The two-pronged talent of Louis Armstrong was one of the more joyous treasures to have come out of jazz -- his warm, jubilant vocals were as intricate and charismatic as his trumpeting. Raised in New Orleans in loving poverty by his... [more]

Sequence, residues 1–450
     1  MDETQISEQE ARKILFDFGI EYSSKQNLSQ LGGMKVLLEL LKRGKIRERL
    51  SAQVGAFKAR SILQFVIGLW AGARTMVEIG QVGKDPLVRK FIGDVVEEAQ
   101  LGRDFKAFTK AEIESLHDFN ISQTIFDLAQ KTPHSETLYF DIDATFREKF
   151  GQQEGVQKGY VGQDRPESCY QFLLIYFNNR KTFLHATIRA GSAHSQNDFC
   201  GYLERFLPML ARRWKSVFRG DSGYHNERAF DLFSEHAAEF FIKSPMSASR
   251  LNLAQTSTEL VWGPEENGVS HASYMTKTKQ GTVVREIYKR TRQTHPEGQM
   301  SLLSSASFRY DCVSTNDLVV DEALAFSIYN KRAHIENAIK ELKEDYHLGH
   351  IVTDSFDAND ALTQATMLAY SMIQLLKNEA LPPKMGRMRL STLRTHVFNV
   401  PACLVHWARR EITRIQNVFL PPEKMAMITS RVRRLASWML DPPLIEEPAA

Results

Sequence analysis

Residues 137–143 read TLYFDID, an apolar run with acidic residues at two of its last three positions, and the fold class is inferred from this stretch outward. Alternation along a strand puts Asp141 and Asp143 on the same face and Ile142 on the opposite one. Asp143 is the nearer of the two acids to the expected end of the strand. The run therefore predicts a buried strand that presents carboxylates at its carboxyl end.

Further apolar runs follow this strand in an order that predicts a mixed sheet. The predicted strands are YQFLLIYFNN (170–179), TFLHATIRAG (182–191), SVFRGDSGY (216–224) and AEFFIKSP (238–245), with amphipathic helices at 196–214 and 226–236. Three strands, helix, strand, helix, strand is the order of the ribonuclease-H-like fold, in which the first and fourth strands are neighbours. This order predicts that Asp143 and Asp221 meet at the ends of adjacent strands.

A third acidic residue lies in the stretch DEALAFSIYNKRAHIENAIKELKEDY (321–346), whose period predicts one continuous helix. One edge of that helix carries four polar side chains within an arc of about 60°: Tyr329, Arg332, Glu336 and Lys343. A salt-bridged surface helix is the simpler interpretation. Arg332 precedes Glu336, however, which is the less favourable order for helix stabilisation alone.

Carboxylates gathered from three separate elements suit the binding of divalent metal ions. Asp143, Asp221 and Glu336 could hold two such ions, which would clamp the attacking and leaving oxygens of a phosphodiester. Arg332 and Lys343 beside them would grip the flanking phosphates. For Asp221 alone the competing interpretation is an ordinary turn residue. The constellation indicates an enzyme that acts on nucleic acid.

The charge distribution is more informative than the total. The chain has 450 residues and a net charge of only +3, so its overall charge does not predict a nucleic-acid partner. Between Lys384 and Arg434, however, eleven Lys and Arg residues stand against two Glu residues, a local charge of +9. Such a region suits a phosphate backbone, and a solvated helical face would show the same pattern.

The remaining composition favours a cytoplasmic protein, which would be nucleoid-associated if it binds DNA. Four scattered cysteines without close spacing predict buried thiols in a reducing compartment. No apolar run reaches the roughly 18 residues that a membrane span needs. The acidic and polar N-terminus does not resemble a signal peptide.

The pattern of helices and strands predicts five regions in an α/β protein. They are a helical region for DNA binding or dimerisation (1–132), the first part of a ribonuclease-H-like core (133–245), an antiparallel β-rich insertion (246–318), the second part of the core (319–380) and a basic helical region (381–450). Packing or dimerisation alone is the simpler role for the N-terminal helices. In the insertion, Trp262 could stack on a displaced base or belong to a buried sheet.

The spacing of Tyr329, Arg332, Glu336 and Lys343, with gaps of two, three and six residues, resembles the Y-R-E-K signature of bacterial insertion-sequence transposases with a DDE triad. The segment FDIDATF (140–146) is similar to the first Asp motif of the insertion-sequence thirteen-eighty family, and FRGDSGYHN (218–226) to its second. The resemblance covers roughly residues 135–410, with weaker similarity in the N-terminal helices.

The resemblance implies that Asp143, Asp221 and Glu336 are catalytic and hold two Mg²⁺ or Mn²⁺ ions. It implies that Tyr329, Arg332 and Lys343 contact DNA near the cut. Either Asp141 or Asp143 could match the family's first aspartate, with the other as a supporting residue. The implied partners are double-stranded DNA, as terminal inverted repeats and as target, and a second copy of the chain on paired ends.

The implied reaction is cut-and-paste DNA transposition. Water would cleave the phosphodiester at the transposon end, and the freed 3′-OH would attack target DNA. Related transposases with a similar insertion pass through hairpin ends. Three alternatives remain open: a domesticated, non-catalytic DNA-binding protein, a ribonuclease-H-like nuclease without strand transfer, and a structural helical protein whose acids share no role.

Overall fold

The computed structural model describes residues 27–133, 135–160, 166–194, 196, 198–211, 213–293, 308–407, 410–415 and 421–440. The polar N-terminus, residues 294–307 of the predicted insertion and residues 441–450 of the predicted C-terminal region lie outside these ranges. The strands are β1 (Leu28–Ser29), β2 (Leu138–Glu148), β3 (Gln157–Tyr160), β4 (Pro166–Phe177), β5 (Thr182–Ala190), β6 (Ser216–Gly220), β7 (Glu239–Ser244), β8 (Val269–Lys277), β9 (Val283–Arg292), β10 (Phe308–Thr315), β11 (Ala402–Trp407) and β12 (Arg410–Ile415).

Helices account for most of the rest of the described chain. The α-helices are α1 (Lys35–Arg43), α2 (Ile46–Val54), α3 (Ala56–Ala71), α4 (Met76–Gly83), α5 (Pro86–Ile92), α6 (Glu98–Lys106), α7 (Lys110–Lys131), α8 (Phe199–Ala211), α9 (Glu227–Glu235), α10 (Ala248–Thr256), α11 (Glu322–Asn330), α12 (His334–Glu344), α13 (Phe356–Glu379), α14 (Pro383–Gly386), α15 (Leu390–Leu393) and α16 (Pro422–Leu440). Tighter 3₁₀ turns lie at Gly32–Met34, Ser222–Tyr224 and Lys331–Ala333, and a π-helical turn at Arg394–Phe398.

The two-pronged talent of Louis Armstrong was one of the more joyous treasures to have come out of jazz -- his warm, jubilant vocals were as intricate and charismatic as his trumpeting. Raised in New Orleans in loving poverty by his grandmother, Armstrong organized a street performance group at age seven. Arrested at age 13 for firing a pistol in the street (in celebration of New Year's Eve), he got his start playing trumpet while incarcerated in the Coloured Waifs' Home. He was later employed unloading banana boats, delivering coal, and selling newspapers. By 1919, he was playing in Kid Ory's Band and proceeded to work various gigs, from street parades to clubs, until his first recording in 1925. He traveled the world playing his trumpet, making movies, and marrying various women (the last, Lucille Wilson, remained his wife from 1947 until his death). For the last 20 years of his life he played with his own septet, "Louis Armstrong and the All Stars." Satchmo was one of the originators of scat singing, in which the voice is used like a musical instrument. He was equally capable of using his trumpet like a human voice. The overall character of his music is perfectly summed up by his statement: "And all I'm saying is, see what a wonderful world it would be if only we would give it a chance. Love, baby, love. That's the secret. Yeah." He flowed easily through the worlds of swing, big band, and jazz, and also had a profound impact on pop music. As a performer, his powerful presence led him to become one of the first African American superstars ever. The "Guinness Book Of World Records" lists Armstrong as the oldest performer ever to achieve a number one hit record.